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Are you losing your temper at work?

Long and hectic work schedules lack of sleep, colleagues you dislike, a domineering boss - these and other factors could lead to one becoming snappy at work. The result - we slam doors, yell at co-workers, pull faces, snap at our boss, and end up saying things we may regret later.

It takes years to build up a reputation, and only seconds to destroy it. No matter what, you shouldn’t snap. Replace negative emotions with self-confidence and manage difficult situations with grace. Here’s how you can keep your emotions under control at work and maintain an unblemished reputation.

1) Identify your hot buttons

Be alert to the types of situations that put you on the burner. Is it waiting in a long queue at the departmental store or being put on hold by the customer service person from your bank? As far as possible, stay away from situations that trigger an impulsive and unpleasant reaction, especially while you are at work or just before you get to the office. You may realize that the real reason you are angry with traffic is because of your inability to start from home on time. Wake up early instead.

2) Be prepared

Anticipating and planning a positive reaction will help defuse your anger before the situation gets to you. For instance, if you don’t like questions interrupting your presentation, plan how you will handle interruptions. You could give out an FAQ leaflet at the start of the presentation or ask the audience to e-mail questions to you for an elaborate response. Create a back-up plan for the possibility of a technical glitch freezing your power point Presentations. For instance, you could have an overhead projector and some transparencies or hand-outs. If it’s a performance review meeting you are attending, have some accomplishments ready to offset any negative feedback, so you don’t respond in anger. The bottom-line: Be on the offensive.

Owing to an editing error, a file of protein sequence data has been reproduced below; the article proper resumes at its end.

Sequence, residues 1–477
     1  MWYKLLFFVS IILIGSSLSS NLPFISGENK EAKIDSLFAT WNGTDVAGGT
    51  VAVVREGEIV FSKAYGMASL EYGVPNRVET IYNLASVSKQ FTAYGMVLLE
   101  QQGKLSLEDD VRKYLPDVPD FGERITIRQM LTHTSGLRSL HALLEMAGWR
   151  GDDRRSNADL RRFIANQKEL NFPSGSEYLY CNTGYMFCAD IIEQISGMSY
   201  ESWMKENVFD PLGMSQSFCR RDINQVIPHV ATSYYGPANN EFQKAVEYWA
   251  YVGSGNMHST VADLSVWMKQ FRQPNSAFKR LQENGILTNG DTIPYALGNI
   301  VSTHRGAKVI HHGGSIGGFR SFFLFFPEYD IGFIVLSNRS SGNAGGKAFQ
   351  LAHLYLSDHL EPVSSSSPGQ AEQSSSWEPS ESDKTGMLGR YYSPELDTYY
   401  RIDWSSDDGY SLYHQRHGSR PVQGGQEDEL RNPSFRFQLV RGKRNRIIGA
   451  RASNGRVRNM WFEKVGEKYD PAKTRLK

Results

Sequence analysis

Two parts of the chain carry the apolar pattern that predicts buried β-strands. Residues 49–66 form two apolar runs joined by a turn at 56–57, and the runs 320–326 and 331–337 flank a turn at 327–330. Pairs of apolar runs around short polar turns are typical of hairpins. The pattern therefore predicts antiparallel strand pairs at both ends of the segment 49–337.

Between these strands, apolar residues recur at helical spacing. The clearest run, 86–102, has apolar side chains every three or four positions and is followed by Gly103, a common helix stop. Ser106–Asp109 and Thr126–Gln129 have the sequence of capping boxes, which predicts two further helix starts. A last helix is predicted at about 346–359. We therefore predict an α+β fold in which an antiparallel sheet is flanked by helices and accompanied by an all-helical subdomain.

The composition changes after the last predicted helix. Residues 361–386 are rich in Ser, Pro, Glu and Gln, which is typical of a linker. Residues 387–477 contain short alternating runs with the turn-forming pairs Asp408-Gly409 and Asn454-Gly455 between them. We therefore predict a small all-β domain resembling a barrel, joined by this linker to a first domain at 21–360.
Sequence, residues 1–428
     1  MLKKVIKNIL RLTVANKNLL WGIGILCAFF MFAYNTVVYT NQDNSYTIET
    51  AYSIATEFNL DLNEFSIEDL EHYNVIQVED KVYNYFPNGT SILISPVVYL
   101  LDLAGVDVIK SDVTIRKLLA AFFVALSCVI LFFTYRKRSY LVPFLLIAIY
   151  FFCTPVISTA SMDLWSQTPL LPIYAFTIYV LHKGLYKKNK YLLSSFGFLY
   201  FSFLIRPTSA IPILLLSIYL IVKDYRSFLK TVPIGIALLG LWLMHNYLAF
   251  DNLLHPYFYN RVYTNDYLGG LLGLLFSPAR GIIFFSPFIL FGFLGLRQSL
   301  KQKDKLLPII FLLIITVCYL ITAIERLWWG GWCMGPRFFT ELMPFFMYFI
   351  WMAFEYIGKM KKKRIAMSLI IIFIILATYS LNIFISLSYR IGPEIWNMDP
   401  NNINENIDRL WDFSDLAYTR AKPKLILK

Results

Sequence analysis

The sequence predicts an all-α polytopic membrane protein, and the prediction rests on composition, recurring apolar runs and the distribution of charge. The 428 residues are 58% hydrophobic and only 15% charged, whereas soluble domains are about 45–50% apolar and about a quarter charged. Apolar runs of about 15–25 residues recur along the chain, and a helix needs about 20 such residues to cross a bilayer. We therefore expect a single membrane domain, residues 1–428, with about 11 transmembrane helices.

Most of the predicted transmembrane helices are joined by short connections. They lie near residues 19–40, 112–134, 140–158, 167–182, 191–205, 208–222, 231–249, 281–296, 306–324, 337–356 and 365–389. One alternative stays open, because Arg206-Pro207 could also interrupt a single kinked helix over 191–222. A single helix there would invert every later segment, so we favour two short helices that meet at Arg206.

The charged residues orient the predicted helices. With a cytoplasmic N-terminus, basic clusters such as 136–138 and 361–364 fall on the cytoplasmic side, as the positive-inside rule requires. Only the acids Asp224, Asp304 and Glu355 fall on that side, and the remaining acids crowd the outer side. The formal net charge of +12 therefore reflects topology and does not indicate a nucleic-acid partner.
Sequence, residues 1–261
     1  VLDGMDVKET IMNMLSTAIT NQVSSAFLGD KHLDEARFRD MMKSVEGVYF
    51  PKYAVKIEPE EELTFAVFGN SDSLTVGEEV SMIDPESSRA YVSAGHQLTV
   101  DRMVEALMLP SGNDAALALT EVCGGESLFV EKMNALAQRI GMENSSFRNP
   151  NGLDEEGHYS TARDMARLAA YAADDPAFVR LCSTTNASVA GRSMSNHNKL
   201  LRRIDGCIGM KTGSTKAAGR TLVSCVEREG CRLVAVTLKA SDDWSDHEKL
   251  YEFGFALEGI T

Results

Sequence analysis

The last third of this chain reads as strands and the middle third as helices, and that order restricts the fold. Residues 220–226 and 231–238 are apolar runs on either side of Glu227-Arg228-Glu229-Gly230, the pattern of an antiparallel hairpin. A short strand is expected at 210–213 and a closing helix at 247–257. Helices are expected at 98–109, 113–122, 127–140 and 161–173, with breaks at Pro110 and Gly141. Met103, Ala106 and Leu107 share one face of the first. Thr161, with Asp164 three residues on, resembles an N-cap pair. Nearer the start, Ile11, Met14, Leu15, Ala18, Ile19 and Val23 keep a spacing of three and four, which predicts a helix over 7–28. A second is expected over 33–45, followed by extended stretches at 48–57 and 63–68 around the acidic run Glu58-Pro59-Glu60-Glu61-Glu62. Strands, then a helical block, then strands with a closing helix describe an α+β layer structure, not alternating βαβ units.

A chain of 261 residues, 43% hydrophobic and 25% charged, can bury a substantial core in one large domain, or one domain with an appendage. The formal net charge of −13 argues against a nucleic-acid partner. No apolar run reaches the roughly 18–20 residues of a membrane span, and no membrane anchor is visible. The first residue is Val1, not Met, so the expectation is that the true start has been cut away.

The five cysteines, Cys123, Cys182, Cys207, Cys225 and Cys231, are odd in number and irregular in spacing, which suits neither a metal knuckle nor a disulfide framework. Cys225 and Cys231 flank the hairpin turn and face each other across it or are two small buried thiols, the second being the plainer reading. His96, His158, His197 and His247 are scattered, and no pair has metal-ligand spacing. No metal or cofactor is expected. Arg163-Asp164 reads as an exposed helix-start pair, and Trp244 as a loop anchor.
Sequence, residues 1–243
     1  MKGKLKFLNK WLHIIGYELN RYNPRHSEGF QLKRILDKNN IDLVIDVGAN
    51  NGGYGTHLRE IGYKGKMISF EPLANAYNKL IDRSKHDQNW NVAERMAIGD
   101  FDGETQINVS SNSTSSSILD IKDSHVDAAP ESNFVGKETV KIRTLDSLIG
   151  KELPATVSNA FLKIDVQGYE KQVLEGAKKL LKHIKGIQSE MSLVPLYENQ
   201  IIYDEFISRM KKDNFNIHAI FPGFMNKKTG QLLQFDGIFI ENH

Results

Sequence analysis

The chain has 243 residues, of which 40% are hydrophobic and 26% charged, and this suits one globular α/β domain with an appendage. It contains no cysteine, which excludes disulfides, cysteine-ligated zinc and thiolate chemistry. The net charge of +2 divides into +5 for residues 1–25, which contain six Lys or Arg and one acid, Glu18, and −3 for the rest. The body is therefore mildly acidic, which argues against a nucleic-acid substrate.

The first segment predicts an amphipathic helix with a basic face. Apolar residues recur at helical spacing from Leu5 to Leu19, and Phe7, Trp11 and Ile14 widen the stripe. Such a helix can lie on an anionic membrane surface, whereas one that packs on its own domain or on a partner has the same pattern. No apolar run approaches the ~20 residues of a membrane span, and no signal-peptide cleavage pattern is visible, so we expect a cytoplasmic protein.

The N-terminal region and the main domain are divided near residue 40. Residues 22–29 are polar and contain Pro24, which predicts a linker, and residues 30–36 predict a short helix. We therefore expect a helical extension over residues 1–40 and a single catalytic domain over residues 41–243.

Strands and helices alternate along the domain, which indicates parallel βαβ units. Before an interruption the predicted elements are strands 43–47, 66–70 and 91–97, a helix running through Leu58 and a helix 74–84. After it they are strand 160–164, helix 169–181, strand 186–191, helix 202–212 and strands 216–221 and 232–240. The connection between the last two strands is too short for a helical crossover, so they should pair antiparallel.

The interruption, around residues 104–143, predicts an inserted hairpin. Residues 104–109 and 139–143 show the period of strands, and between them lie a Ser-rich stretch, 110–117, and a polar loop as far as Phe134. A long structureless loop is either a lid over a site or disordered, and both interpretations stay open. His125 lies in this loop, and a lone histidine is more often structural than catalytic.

3) Clarify before reacting

We sometimes misunderstand the other person and react impulsively. Is your boss asking what time you arrived because he’s keeping an eye on you or is it because he was also stuck in a traffic jam? Ask a lot of questions before jumping to conclusions. If need be, repeat what the other person just said. This ensures you understand the comment and gives your colleague or client the opportunity to clarify any miscommunication.

4) Don’t throw tantrums

In the age of team work, a ’head-heavy’ attitude will get you labeled as the spoilt brat in the office. Learn to be more accommodating. The ’my way or the highway’ approach will not get you any points. If your idea has been overruled by the boss or ridiculed, talk to him and understand his/her perspective rather than losing your temper. If you are dealing with nasty colleagues who keep shooting you down, smile and behave in a cordial manner.

5) Don’t call or e-mail when upset

Wait before writing a strong emotional e-mail or phone call. Never disrespect others, even if you’re right. The angry mail you sent three months ago may make a surprise appearance at the performance appraisal meeting. Hold that strong e-mail or letter until the next day and re-read it. Ask someone to proof-read any correspondence you think may be construed as surly, condescending or rude.

6) Be ready to say "I am sorry"

If you end up erupting in a meeting, criticize a colleague’s work or make ill-timed comments that you regret, how can you bounce back? Apologize immediately to the targeted person and to everyone around. Don’t offer a long justification about work pressure or the misunderstanding. Just say "I should not have reacted that way and I am sorry". This will show that you are professional and will reflect positively on your character.

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